When a player is competing within an offense that does such a great job making life easy for the quarterback, you expect them to at least master that scheme. I don’t get the feeling Foles is anywhere close to making the most out of the pass-happy offense he’s been provided with. If he can’t get a handle on this Arizona offense, how is he going to get a handle on a much more complex scheme in the NFL?  

You may be surprised by the grade I’ve given Foles because he enjoys a lot of positive hype, but don’t take my word for it. When the National Football Scouting meeting took place earlier this summer, Foles was given a 7th/UDFA grade. Last year they give a similar grade to Colin Kaepernick, but it’s understandable why he was able to vault his grade much higher during the 2010 season. Kaepernick is an athlete, he’s got a rocket for an arm, he’s had major production in college and he led his team to a one-defeat season last year including a big win over Boise State. Foles cannot rely on wins, physical tools or mass production to promote his stock.  

Another argument can be made about prospects getting over drafted in recent years and certainly I was more than a little surprised to see Christian Ponder go 12th overall and Andy Dalton find a home early in round two. It’s worth noting that Ponder received a high first round grade by the NFS last year. Despite that, prospects that go early tend to have a niche or a defining talent that justifies the decision – athletic ability, accuracy, leadership, smarts. Foles is a below average athlete with mediocre accuracy and he hasn’t got a great command of his offensive scheme.  

When I sit down and try to think of the team that’s going to make Nick Foles an unexpected first round or early second round pick, I can’t find them.  

The player that Foles most reminds me of is Dan LeFevour. He was of a similar size (6-3, 230lbs) competing in a pass-happy offense that made life easy for it’s quarterback and generated high numbers. LeFevour was a better athlete than Foles and could at least make something happen on the ground, but ultimately he wasn’t a good enough physical talent to make it an advantage. Many people – including Mel Kiper – touted LeFevour as a potential early pick. In the end he was a 6th round selection.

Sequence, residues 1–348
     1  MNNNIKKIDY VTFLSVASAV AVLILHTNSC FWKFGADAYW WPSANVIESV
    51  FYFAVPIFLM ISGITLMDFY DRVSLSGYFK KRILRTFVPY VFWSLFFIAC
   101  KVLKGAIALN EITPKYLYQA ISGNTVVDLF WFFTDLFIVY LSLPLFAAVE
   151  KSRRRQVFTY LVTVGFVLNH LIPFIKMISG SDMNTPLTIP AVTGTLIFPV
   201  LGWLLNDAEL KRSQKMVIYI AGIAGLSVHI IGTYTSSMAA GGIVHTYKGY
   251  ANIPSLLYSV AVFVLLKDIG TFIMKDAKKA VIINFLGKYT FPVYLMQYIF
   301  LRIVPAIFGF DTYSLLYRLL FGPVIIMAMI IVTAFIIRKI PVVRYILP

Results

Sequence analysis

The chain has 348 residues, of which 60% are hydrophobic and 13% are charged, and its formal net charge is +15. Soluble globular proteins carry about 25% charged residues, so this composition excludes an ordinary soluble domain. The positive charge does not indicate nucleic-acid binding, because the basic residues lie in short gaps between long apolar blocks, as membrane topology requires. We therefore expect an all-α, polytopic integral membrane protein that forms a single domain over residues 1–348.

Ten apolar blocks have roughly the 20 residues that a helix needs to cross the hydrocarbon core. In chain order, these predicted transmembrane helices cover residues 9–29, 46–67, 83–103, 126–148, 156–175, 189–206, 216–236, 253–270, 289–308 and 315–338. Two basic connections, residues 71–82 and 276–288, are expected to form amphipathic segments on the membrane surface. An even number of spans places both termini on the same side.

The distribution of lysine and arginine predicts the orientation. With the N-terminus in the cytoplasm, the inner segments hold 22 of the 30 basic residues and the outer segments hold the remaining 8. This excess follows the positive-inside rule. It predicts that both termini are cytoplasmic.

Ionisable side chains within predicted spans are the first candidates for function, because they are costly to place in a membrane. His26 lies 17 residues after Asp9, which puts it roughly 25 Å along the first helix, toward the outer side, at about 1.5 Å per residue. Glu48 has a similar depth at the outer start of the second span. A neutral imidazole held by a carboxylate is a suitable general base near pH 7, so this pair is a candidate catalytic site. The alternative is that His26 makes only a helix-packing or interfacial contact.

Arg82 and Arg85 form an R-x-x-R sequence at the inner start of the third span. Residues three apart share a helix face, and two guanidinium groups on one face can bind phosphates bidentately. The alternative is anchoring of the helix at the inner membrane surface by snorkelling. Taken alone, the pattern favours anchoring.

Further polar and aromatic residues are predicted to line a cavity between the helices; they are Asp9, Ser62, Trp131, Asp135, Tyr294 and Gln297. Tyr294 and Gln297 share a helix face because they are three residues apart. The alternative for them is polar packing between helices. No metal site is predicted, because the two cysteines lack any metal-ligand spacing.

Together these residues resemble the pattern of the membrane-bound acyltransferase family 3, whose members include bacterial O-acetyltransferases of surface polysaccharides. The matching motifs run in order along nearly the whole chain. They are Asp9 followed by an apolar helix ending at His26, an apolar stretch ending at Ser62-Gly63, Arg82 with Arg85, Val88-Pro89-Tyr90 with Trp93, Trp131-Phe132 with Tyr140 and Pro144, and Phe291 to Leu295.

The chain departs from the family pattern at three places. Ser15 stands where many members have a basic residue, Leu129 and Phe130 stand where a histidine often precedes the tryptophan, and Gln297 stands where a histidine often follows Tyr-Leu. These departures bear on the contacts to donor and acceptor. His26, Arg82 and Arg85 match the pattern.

Now it’s only fair to stress that these are pre-season discussions and Foles, having opted not to declare for the most recent draft, has the opportunity to greatly improve his stock in 2011. However, he is the poster boy in my opinion for a class of quarterbacks that are just flat out being over rated at this stage.  

People love to criticise the 2011 class of QB’s, but the three players taken in the top ten have an excellent chance to succeed in the NFL in my opinion. Colin Kaepernick should be given the chance to start in San Francisco this year, while Ryan Mallett may end up being of much greater value down the line having been rescued by the Patriots in round three.  

Christian Ponder and Andy Dalton could both start this year for Minnesota and Cincinnati – they will get their shot.  

If you combined the 2011 class of QB’s with the potential group of 2012 QB’s, I’d rank them like this: Luck, Barkley, Gabbert, Newton, Mallett, Jones, Locker, Kaepernick, Cousins.  

If Luck and Barkley both declare for next year’s draft (and there’s every chance Barkley will stay at USC for his senior year), you’re getting two top-end quality draft picks at the position. The class as a whole though has a lot of question marks – and I’d temper expectations if you’re expecting multiple first round picks. It wouldn’t be a total shocker for me if only two quarterbacks went in round one next year.  

Tape vs Arizona State (2010) courtesy of JMPasq  



  1. Misfit74

    Was interesting to read Wes Bunting’s take on Foles just yesterday. It’s not all that common that I agree with Bunting, it should be noted. In contrast to this analysis, Bunting has a drastically different view of his arm, for example. (article: )

    Keep up the good work, Rob. 🙂

    • Rob

      I enjoy Wes’ work and read pretty much everything he writes, but I disagree with him an awful lot. Classic example – he graded Jonathan Dwyer (RB, Georgia Tech) as a high first round pick, I argued a lot against this and he ended up going in R6 I think.

      I don’t know how anyone can claim Foles spins a good football and can make all the throws. I’ve never seen any evidence of that. Generally I think Wes’ view on Foles is similar to mine in terms of his starting ability at the next level, but I would grade him even lower because the tools aren’t there to justify the hope he’ll get the other stuff (accuracy, technique) fixed. I watched Arizona @ Stanford last night and the tape above vs ASU and again it just confirmed what I already thought about Foles’ lack of physical ability.